When you walk through a grocery store, you will likely see certain food labeling claims such as “healthy”, “low sodium”, and “humanely sourced”. A “labeling claim” refers to a term on a label that is not required, but the manufacturer has chosen to include it—usually for marketing purposes. If the labeling claim is on the label of a meat or poultry product, then the government must approve the label before the food manufacturer can market the product. The labels on meat and poultry, along with catfish, and “egg products,” (eggs that have been removed from the shell), are regulated by the Food Safety and Inspection Service (FSIS), an agency within the United States Department of Agriculture (USDA). The Food and Drug Administration (FDA) regulates the labeling of the rest of the American food supply (around 80%).
Although food labeling claims can be helpful for consumers seeking certain qualities in the food they buy, sometimes labeling claims can mislead consumers. To prevent this deception, both the FDA and FSIS have promulgated regulations and guidance documents governing food labeling claims. However, under both agencies’ regulations and authorizing legislation, only the agency can bring legal action against a company violating the regulations or statutes. Therefore, other legal avenues have emerged for corporations seeking to prevent a competitor from using misleading labeling claims and for consumers seeking a remedy after they have been misled. This is the second post in a series that explains the regulations governing food labeling claims and the potential legal actions brought against companies who have allegedly violated the regulations and statutes.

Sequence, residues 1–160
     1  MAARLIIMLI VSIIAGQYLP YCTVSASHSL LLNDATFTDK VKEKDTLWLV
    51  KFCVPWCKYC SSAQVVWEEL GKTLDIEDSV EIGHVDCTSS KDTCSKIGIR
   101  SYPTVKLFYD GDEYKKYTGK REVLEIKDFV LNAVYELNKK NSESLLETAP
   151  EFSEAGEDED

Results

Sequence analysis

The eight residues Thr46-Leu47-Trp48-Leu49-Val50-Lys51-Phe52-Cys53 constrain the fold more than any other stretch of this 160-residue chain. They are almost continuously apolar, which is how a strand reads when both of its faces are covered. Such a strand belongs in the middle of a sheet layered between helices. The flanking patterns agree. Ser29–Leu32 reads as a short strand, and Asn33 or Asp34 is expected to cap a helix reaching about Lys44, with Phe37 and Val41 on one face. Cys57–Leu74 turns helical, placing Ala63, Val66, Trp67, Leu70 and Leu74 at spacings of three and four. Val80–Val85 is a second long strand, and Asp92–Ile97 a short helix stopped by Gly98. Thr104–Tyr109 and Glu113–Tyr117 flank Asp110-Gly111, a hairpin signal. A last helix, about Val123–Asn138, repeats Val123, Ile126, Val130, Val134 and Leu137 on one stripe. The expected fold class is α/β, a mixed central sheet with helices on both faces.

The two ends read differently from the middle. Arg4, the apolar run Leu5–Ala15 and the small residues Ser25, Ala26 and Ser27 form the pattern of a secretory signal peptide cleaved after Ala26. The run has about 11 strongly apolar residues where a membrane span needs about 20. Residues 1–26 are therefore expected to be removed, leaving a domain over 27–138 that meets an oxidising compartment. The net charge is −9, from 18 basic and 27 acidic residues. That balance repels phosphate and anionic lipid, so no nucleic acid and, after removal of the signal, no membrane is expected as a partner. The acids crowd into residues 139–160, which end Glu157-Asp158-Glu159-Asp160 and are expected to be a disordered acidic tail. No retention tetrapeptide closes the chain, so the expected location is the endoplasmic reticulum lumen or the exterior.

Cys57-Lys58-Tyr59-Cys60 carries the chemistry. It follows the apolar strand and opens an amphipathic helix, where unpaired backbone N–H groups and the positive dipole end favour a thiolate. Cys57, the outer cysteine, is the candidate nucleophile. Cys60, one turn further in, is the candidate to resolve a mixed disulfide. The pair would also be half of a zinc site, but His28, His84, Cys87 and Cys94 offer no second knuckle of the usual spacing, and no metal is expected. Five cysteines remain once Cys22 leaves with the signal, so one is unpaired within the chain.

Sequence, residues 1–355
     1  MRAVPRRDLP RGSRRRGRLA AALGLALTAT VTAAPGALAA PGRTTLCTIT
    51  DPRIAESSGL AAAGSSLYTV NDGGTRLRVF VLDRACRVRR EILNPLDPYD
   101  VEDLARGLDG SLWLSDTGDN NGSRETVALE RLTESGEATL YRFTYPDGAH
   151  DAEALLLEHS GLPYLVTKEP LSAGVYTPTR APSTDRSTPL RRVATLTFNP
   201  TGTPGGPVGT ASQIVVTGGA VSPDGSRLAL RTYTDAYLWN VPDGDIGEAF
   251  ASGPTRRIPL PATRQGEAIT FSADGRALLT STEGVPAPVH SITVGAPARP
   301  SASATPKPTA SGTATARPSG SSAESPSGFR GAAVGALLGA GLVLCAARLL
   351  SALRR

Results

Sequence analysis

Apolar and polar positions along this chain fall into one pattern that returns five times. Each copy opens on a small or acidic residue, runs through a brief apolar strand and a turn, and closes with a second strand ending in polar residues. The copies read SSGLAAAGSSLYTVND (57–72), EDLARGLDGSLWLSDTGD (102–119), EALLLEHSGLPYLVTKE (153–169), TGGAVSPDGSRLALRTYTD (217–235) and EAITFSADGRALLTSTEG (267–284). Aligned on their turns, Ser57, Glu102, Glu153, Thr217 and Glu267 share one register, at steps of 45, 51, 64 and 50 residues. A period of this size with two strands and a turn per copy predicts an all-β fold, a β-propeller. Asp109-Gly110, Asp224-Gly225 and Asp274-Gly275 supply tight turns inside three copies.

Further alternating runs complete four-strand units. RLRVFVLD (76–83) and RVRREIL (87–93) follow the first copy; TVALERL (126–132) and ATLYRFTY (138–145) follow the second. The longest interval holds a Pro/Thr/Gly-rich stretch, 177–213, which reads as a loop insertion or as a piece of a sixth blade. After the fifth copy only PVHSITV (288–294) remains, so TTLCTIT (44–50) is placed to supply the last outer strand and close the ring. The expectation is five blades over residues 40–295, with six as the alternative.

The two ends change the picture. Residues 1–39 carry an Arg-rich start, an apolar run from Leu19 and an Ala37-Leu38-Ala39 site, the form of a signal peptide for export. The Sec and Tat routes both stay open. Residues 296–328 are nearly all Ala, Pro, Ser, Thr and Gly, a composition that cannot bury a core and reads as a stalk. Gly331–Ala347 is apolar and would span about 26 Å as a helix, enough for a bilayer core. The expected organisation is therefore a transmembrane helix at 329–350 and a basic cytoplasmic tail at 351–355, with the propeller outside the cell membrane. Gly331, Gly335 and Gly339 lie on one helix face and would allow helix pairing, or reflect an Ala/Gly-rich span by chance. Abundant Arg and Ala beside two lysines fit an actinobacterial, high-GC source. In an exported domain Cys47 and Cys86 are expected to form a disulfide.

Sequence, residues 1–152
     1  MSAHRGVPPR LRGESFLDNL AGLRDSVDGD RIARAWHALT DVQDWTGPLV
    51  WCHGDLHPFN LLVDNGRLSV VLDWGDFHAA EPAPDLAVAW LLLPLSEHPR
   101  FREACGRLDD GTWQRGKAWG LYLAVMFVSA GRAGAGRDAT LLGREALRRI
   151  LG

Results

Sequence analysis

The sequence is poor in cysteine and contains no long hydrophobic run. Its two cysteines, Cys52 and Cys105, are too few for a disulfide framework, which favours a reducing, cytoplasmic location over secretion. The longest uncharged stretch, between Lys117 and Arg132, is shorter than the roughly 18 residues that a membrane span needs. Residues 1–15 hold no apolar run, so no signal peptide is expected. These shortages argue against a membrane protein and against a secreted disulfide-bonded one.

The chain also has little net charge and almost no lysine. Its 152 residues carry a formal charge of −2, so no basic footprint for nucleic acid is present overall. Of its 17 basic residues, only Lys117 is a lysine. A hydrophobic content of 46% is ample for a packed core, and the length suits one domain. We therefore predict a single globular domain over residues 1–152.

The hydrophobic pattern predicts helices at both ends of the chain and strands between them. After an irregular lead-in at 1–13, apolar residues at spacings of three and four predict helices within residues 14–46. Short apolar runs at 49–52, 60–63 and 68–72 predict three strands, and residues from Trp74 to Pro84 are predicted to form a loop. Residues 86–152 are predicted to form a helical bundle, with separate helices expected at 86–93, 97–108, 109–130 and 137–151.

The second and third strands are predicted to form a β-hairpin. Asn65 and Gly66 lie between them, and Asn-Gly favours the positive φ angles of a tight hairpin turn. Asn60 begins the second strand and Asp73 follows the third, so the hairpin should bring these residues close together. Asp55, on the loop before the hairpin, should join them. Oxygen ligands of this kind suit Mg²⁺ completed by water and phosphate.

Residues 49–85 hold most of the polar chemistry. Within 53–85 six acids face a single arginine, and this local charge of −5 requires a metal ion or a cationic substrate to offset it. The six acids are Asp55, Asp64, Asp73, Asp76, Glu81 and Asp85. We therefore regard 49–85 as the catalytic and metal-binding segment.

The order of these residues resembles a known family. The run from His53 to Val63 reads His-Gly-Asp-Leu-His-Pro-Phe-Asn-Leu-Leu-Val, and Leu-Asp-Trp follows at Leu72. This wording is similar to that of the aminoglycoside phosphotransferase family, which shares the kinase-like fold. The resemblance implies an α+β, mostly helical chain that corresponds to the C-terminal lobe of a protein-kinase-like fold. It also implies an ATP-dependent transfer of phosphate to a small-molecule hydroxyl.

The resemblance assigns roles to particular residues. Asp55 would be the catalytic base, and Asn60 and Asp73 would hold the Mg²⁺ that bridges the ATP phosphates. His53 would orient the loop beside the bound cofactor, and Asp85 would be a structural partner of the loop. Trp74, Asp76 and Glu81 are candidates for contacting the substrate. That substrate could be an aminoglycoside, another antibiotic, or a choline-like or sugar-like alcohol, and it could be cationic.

This second post explains the different categories of claims under FSIS’s regulations as they apply to meat and poultry. Under FSIS’s regulations, if a meat or poultry manufacturer chooses to include certain claims on a product label, then FSIS must pre-approve the label before it enters commerce. This blog post explains which labels FSIS will “generically approve” and which labels FSIS must “sketch approve”.
Generic Approval v. Sketch Approval
According to FSIS’s regulations “no final label may be used on any product unless the label has been submitted for approval to the FSIS Labeling and Program Delivery Staff, …, except for generically approved labels”. 9 C.F.R. § 412.2(a)(1). The regulations and guidance documents explain which labels are subject to generic approval and which must go through the more rigorous sketch approval process.
An establishment “is authorized to use generically approved labels” and does not have to submit a product label to FSIS for pre-market approval if the label “displays all mandatory features in a prominent manner …, and is not otherwise false or misleading in any particular [way].” 9 C.F.R. § 412.2(a)(1). Mandatory labeling features include the product name; a safe handling statement; an ingredients statement; the name and place of business of the manufacturer, packer, or distributor; the net weight; a legend; safe handling instructions; and nutrition labeling. 9 C.F.R. § 412.2(b).